Thursday, April 09, 2009

The Night I Called Quarry . . .

By Rick Farris

"City please . . ."
"Uh, Bellflower."
"Business or residence?
"What listing?
"Jerry Quarry. Q-U-A-R-R-Y. I don't know the address."
"I have one listing, Jerry and Kathleen Quarry. That number is . . ."

I did it! I actually had the telephone number of Jerry Quarry, the recently crowned 1965 National Golden Gloves Heavyweight Champ.
I watched him on TV, as he defeated Clay Hodges in the Western Region Golden Gloves title match, which sent him to the Nationals.

A couple weeks later, in an article written by Los Angeles Herald-Examiner sports editor, Bud Furillo, I learn that the 19-year-old heavyweight from Bellflower had traveled to Kansas City, with the L.A. Golden Gloves team, and had become the only heavyweight ever to score five consecutive KO's enroute to a National G.G. title.

I could visualize the Irish-American heavyweight, his dark blonde hair brushed back on the sides with a semi flat-top.
Now I was going to call him, and see if I could find out where that gym was in the San Fernando Valley, the one they mentioned on TV.
They said it belonged to Jerry's trainer, the "Johnnie Flores Gym."

The TV announcer mentioned that Jerry Quarry began his career at Flores' gym, when he was seven-years-old.
At the time I was twelve. In my mind, I was five years behind schedule. I wanted what Jerry had.

I dial the number. A moment later I hear it ring. A man answers . . ."Hello."
His voice was unmistakably the same one I'd heard when Jerry was interviewed on TV, a couple weeks earlier.

"Hi, are you Jerry Quarry?

I was now speaking with a man who would turn professional a couple months later.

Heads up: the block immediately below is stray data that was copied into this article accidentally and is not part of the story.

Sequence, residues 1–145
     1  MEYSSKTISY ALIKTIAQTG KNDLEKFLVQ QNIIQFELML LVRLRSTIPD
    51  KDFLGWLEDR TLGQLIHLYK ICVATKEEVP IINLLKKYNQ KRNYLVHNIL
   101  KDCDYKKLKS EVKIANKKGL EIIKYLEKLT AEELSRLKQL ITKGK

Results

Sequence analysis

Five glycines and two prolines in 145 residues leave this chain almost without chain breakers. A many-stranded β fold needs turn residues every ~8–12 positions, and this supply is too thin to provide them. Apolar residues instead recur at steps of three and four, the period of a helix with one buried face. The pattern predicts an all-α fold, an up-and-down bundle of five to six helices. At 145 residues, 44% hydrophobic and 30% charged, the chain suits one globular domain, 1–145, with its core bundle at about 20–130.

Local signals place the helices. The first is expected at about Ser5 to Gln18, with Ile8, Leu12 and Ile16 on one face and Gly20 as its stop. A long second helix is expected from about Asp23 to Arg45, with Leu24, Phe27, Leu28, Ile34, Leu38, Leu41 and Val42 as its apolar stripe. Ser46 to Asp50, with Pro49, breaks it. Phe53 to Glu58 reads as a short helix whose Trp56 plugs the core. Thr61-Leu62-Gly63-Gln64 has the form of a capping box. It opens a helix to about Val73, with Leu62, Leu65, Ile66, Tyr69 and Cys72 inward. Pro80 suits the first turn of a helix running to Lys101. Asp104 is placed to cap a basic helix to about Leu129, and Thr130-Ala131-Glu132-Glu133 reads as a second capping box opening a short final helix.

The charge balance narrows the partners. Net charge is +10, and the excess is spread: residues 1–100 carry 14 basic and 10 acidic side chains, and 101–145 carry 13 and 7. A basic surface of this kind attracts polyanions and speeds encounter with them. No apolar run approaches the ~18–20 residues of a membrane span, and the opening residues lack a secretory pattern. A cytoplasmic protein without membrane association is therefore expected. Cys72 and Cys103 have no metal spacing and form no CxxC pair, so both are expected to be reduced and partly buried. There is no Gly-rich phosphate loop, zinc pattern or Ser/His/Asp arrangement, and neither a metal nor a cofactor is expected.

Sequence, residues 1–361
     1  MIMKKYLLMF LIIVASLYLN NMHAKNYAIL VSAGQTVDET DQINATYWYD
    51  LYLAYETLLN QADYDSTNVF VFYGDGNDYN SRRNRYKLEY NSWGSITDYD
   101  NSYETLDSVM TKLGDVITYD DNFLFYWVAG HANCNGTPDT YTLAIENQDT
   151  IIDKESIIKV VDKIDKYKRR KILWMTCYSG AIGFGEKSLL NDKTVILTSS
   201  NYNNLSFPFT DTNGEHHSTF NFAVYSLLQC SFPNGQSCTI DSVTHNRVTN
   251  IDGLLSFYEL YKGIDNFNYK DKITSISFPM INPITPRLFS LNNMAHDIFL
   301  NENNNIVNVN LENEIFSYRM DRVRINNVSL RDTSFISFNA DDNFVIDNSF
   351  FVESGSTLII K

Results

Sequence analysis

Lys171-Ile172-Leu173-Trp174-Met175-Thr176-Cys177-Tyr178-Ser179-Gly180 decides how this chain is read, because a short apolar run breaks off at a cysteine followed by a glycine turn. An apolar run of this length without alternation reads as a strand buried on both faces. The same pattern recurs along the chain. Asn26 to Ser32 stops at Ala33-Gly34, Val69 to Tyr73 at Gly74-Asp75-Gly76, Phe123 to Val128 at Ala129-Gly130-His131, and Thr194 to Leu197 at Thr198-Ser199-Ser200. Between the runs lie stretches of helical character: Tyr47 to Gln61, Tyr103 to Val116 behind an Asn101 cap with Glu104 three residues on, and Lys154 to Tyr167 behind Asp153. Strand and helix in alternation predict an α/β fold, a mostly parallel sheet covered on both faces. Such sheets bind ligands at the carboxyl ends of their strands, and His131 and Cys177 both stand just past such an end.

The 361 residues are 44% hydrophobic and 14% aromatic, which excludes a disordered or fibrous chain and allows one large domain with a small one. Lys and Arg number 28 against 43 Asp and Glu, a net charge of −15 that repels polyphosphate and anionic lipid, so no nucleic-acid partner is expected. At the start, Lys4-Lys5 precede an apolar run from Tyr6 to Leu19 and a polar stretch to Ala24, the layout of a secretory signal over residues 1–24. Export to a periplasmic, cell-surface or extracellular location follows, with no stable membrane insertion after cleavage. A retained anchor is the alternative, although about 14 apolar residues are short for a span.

His pro debut would be a prelim to the World Featherweight title fight fight between champ Vicente Saldivar and Raul Rojas.
He would quickly become a major box-office attraction in L.A. and would twice fight for the World Heavyweight title.
He'd twice fight the great Ali. He'd twice fight Smokin' Joe Frazier. He'd send Earnie Shavers to the showers in less than a round.
He was the best white heavyweight to step into a ring since Marciano.

I had a dream, and it was Jerry Quarry who helped make it possible.
He told me where I could find it and make it come true.

I was just a kid. I called him in the evening, he didn't know me.
I told him I thought he was good fighter, and congratulated him on winning the National Golden Gloves title.
I asked him about the five KO's. He was kind to me, he appreciated my recognition of his accomplishment.
I told him I lived in Burbank. He told me that he had also lived in Burbank, years ago, near Lockheed Aircraft.
There was no place in Burbank where a kid could box. Jerry suggested the Johnnie Flores Gym before I had a chance to inquire.

"The Johnnie Flores Gym is in Pacoima. I'll give you his phone number."
I wrote down the information and thanked Jerry. I told him I would find a way to see him in his pro debut at the Coliseum (and did).

"Good luck, kid." Jerry said.

The next evening, I would call Johnnie Flores' phone number.
The following day I would begin my boxing career.
Thanks, Jerry.

1 comment:

Sonnny Rey Jr. said...

In 1966 or 67 I saw a great Jr. Golden Glove fight at the Olympic Auditorium one of the fighters was from the Seaside Gym in Long Beach, I know this because I use to train with him there. In the gym we called him fierce Pierce. That night he and his opponent put on a great fight that moved the crowd to throw money in the ring. The fight ended up a draw so they tossed a big plastic ring in the air and Pierce loss the toss. Pierce never returned to the gym and I never herd from him again. It's a shame because he was a good boxer.

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